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Discussion in 'Model S: User Interface' started by jcsromeo, Feb 5, 2016.
Any concerns with AM radio reception? Just purchased a car, seems to be poor. I live in Michigan.
It awful, use TuneIn. It pretty much has every station you want and the sound quality is excellent.
I don't use AM, but FM and it sucks. Such a basic thing, too. I don't get it.
I don't have any issues with FM, but I live in a rather flat area without much topography that would complicate reception.
What is AM radio?
The Model X drivers won't worry about not having AM, until they see the road signs that ask them to tune to AM Travelers' Information Station (TIS) or a Highway Advisory Radio station.
Travelers Infomation Stations Search | Federal Communications Commission
I'm a dummy -- how do you use TuneIn?
Since getting the Tesla, I don't listen to the radio at all. I stream music and radio stations. Even "local" radio stations come in better on streaming (I live in a mountainous area) than over the air. Between Slacker and TuneIn... you're covered.
TuneIn just says "Could not play station" for local AM stations that come in fine thru AM tuner. I have never actually listened to anything via TuneIn so far.
I can't get my 8-tracks to fit. I'm plugging them in beneath the screen, but they flop around.
To me, while we can make fun of the AM and MX situation, my personal opinion is Tesla is pushing the envelope eliminating something ahead of its time. It can't cost a whole lot to maintain AM access in new vehicles, and there are still very valid reasons where being able to quickly get to an AM station as you approach an airport parking lot or some sort of road situation suggesting you tune to an AM station may be important -- beyond specific AM programming some individuals I'm sure care about. Trying to get to a new station on-the-fly via TuneIn takes longer and your attention from the road, and from my experience TuneIn does not have 100% of all the stations that transmit on AM or FM, as not all stations offer a streaming service for it or a web user to connect with.
I am OK not having a physical CD and even DVD player in my MS -- even though my former Lexus and MBZ had them, as do current 2016 models. Tesla was ahead of the most of the competition in that regard. I'm disappointed not having physical iPod/iPhone/MP3 connectivity in my MS like most other mfgrs provide -- especially with the problematic and capability-deficient USB Media Player Tesla offers to perhaps replace what those capabilities provide those of us who care about playing our own non-streaming high-quality music libraries. Slacker and TuneIn do not replace or have all the music and podcasts I listen to. While I don't use AM often, it's a basic capability I expect to still be in any luxury vehicle I own. As Tesla moves into more mass markets with M3, I personally don't get why they think they need to be a leader eliminating another (older) media source. It WILL matter to some number of potential owners. IMHO if Tesla wants to lead in things like that, do it after they truly have the volume sales they desire to have a few years from now.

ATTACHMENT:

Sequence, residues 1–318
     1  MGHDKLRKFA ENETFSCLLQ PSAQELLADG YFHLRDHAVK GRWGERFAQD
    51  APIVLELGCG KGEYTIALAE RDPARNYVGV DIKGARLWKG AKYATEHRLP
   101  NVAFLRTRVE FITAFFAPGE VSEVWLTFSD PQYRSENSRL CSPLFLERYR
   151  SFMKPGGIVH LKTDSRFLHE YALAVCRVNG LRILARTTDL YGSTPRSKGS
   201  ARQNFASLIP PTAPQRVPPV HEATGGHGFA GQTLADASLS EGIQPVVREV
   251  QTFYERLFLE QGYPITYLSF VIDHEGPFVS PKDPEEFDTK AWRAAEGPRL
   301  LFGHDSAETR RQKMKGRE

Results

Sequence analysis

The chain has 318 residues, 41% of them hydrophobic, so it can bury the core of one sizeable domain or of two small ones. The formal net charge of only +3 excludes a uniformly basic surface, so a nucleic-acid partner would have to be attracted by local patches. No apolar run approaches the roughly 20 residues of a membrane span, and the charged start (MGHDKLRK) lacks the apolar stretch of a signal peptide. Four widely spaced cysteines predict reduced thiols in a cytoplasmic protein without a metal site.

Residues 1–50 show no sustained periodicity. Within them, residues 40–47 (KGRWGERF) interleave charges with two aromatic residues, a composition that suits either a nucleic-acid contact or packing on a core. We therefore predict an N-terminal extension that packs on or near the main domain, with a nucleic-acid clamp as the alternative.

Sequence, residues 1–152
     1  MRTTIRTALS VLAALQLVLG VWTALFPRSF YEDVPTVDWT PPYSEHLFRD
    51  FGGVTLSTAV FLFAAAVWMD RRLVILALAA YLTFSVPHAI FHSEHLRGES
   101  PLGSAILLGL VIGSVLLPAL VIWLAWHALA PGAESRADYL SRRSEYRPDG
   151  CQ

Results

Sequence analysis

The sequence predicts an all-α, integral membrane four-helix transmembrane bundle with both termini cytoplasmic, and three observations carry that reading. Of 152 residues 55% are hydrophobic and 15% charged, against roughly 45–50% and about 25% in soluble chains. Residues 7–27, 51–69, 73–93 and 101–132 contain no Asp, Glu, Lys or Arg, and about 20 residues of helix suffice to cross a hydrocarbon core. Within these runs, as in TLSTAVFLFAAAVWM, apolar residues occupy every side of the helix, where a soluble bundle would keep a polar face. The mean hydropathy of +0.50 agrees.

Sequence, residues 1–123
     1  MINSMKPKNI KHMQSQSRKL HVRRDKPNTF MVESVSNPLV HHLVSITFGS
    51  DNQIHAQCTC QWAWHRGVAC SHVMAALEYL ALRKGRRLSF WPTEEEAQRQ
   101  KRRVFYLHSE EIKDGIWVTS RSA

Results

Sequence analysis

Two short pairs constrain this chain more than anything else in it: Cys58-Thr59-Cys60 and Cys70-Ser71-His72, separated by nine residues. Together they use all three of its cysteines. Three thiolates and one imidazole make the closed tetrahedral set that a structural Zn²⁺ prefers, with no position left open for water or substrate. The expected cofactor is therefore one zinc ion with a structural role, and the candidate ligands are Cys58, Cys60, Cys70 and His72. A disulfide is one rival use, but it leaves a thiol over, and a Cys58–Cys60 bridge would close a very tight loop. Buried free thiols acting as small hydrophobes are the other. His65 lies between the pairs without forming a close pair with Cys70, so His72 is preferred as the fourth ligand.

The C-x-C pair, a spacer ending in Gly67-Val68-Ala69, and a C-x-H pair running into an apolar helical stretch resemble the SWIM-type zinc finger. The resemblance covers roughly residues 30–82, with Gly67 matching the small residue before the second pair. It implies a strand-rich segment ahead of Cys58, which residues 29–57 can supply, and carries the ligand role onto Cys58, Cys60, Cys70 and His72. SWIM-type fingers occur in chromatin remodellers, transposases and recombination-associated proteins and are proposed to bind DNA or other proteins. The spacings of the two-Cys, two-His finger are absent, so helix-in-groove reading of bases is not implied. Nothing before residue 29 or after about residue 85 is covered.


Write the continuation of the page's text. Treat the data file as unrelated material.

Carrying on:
Indeed, I believe AM is very useful for road condition info on trips. I use it often when entering national parks. I haven't checked if TuneIn has 100% of them listed, but searching for TuneIn stations from the car is a big pain. There is no way to search by typing, and going through categories is near impossible while driving.
(The only way I really use TuneIn is to search for stations on my computer in advance, add them to "Favorites" in my computer, and then play from "Favorites" in the car)
Besides, in my experience, very often when I need to use AM, there is no 3G (I don't have LTE) signal to use TuneIn anyway.
I did find the AM quality to be terrible, but I always assumed it was because of the transmitter power, rather than the car. I have never used any regular AM station on the car, and I have never tuned to a road conditions AM station on another device/car. So I have no point of reference for comparison.
I just checked the Tunein site on the computer. Searched for National Park, and only one appeared, and it's channel doesn't work.
If you are traveling in a Model X to the National Parks, be sure to have a portable AM radio handy if you want to listen to those 10 watt AM information stations.
I tested a small portable FM transmitter and it worked okay, so audio connectivity to the Tesla sound system could be accomplished easily with that method. A FM transmitter could also work nicely with an iPad so a cellular phone can remain connected to Bluetooth when passengers are enjoying music or a movie in the rear seat area.
Ordered a higher rated Destek 5V/2.4A FM transmitter and a SRF-M37W SONY radio with digital readout. I can provide some comments about these choices later.